Reading through scientific journals over the weekend, I was drawn to an article on inner monologues.
We all have them - little inner conversations that enable us to think before we speak, and therefore not make fools out of ourselves. Even in the split second of an eye between reading a word on an autocue and speaking it aloud, a mere newsreader can make a split second decision based on internal dialogue, work out the best inflection to give the word, and completely ignore it.
We give them personalities, such as 'inner-child', or 'inner-slut', depending on who we are, and what sort of action we're trying to justify. They're all just aspects of ourselves, apparently.
Or are they? Not necessarily, according to the article I was reading. Apparently through relaxation and meditation techniques, it is possible to reach submerged personalities that are completely incompatible with the dominant. It's postulated as an explanation for the alleged phenomenon of people remembering alleged previous lives while under alleged hypnosis. Apparently. I wasn't reading that closely.
As I drifted off to sleep, I discovered a new inner voice. And after straining to hear it, I realised that it sounded familiar. Fred Jones. Yes, I have the inner voice of the boring one out of Scooby Doo. Explains a lot.
You probably don't want to look at the web site that documents the Stanford Prison Experiment. I know I didn't. As a work of fiction, Das Experiment was harrowing enough. True, it made for a more thrilling entertainment spectacle, but the original experiment was supposed to prove something. Some of the tactics used by the scientists to accelerate the feelings of alienation and impotence among their subjects are incredibly horrific.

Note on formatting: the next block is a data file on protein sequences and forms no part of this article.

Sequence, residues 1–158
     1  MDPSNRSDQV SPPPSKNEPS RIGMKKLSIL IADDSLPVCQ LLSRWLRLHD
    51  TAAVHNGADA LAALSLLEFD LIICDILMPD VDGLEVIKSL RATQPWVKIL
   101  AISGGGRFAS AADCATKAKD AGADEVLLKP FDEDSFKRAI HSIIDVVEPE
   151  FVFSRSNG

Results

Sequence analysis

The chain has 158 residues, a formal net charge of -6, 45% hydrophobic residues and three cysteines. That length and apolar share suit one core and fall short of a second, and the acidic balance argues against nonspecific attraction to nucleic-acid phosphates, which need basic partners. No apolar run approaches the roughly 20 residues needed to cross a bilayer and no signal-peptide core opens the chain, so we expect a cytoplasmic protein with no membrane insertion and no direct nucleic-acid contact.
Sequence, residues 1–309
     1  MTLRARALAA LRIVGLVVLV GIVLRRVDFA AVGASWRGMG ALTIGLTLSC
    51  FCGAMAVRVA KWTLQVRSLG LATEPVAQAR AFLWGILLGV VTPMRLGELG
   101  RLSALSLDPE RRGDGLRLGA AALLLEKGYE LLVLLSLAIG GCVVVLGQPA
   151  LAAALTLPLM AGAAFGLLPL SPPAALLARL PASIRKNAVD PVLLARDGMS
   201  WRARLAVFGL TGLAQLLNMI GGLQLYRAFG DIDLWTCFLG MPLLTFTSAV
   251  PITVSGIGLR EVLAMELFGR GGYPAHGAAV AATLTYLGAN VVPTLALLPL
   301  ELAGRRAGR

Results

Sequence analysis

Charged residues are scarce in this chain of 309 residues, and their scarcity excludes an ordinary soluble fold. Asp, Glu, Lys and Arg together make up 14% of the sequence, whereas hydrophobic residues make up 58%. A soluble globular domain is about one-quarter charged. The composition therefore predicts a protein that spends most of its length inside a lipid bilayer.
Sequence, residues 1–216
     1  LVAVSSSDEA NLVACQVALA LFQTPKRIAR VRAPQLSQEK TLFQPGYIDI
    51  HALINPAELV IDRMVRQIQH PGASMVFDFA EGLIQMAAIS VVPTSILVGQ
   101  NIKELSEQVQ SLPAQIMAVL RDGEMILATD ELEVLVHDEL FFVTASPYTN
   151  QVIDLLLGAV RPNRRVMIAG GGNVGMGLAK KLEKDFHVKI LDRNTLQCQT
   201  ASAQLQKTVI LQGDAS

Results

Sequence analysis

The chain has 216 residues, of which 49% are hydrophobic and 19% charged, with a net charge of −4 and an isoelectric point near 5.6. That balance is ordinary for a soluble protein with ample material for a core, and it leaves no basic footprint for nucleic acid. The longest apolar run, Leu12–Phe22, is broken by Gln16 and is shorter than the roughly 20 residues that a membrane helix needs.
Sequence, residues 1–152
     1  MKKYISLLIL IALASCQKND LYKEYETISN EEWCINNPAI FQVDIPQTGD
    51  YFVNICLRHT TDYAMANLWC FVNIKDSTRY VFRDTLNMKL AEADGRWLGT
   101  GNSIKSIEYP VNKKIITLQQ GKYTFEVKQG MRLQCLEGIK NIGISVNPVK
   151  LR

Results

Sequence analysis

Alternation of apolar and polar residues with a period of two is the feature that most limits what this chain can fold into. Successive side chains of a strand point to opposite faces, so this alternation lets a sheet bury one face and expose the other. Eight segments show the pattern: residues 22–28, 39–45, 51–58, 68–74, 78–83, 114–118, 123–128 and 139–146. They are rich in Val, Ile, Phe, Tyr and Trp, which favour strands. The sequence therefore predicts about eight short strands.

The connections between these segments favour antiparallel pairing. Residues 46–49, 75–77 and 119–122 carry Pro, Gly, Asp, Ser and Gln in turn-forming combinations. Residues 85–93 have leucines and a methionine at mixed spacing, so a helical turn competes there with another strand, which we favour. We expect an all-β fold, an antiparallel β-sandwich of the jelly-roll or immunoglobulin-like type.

One of the scariest things is that the scientist who was principally responsible for ending the experiment had walked into the experiment late and therefore was more likely to be startled than those who had been planning it for months and observing it for five days. Even so, she had difficulty resisting the group pressure to be enthusiastic about what was going on in the name of science.
Take 20 men, or thereabouts. Assign them roles - make half of them prisoners, and half of them guards, and give the guards the task of keeping control among the prisoners. And watch things escalate.
Das Experiment, the movie we watched on Sunday, took this as its basic premise. It added a few features - a sympathetic protagonist, a suicidal and almost incidental heroine. Incredibly gripping movie. And all the scarier because there's a true story behind it all.
Thanks to Gregg, I have scanned myself for Human Viruses, and found that I suffer from quite a lot, including being British. Fortunately, there is no cure needed for that. Almost as interesting as testing the difference between Nessie and God, and kind of embarassing to do, in the sense of making you cringe, rather than flashing up pictures of giant penises on your PC at work. Neither this test nor the philosophers stuff do that.